First, scan your website using a web crawler (sometimes called a spider) to set up your current website for success. This systematically browses the web for your website-related information, finding all the URLs that Google will see. If you have a CMS, collect all Google Analytics data as well as external tools that show what other websites your company is associated with. Use this list to measure the optimization and performance of the site’s redirects.

Step 4: Upload a holding page for the new domain

When a parked domain becomes active, this tactic should be carried out to notify Google. With the transfer of your search rankings, this phase alleviates any potential delays. It will make it easier for anyone searching for you to update any contact data and any relevant information you might have. You should have hosting for the old and new domains for the short term, so that the redirection can be as seamless as possible. In order to determine when the old domain stops receiving traffic, monitor the server log files.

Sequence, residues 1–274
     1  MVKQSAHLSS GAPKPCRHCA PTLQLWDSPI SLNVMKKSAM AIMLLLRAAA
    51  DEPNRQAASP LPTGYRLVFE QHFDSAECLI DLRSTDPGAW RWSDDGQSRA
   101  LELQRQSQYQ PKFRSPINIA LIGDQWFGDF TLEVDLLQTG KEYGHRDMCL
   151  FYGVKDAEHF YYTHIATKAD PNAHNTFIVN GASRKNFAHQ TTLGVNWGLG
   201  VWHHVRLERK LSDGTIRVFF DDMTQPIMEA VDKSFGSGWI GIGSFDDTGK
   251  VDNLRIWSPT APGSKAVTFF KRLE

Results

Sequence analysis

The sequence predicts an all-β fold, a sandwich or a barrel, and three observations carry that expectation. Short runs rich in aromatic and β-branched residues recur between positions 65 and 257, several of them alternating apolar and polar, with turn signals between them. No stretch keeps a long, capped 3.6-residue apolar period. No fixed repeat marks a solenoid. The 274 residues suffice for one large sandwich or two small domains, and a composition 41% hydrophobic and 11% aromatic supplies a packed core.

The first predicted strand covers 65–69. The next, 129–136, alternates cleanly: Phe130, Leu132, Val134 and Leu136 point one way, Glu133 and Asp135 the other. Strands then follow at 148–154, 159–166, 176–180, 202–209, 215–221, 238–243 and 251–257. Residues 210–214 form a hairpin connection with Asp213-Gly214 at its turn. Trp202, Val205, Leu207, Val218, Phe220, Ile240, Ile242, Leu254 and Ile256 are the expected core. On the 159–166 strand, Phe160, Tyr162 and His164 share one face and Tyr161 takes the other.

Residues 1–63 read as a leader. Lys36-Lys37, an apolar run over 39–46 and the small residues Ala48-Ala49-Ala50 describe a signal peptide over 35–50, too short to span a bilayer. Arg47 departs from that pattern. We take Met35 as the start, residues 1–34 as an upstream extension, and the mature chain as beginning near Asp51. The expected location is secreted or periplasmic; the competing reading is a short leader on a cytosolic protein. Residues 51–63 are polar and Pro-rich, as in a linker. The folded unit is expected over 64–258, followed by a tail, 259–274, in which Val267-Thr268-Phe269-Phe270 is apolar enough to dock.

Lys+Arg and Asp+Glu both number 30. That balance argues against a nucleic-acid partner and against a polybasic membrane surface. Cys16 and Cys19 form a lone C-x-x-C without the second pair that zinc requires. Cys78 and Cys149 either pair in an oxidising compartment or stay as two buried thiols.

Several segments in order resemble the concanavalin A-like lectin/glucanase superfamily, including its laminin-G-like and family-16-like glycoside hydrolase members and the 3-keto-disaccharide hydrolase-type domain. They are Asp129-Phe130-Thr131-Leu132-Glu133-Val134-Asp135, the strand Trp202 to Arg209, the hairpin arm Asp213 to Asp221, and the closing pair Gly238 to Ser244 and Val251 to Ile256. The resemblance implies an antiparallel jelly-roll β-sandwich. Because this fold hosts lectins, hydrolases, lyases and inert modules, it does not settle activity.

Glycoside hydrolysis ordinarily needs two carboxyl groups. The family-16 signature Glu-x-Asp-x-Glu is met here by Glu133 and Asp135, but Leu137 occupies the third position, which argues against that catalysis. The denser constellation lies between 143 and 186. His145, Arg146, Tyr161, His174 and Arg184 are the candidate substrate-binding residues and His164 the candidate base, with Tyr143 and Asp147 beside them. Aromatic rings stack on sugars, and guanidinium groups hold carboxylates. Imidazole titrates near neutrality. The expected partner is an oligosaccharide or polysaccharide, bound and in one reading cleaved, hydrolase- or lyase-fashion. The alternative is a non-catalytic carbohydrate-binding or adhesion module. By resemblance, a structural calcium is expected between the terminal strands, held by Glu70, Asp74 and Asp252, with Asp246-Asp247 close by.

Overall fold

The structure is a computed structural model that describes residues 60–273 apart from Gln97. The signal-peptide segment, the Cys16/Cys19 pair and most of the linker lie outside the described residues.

Step 5: Benchmark your website’s current rankings

To evaluate the migration of your website, you should have a clear idea of how well your site is doing in real-time. This means knowing the appearance of your current domain, what it is ranked for, and how much traffic it experiences. Search ranking software like The Hoth, SEMrush, Google Search Console, and Google Analytics can all be very helpful. Consolidating this information in a spreadsheet is a great way to analyse your visits, conversions, sessions, and bounce rates of recorded data, plus any other relevant data for each URL from your website. Note which particular URLs receive the most rankings and traffic while you’re at it.

Step 6: Map your redirects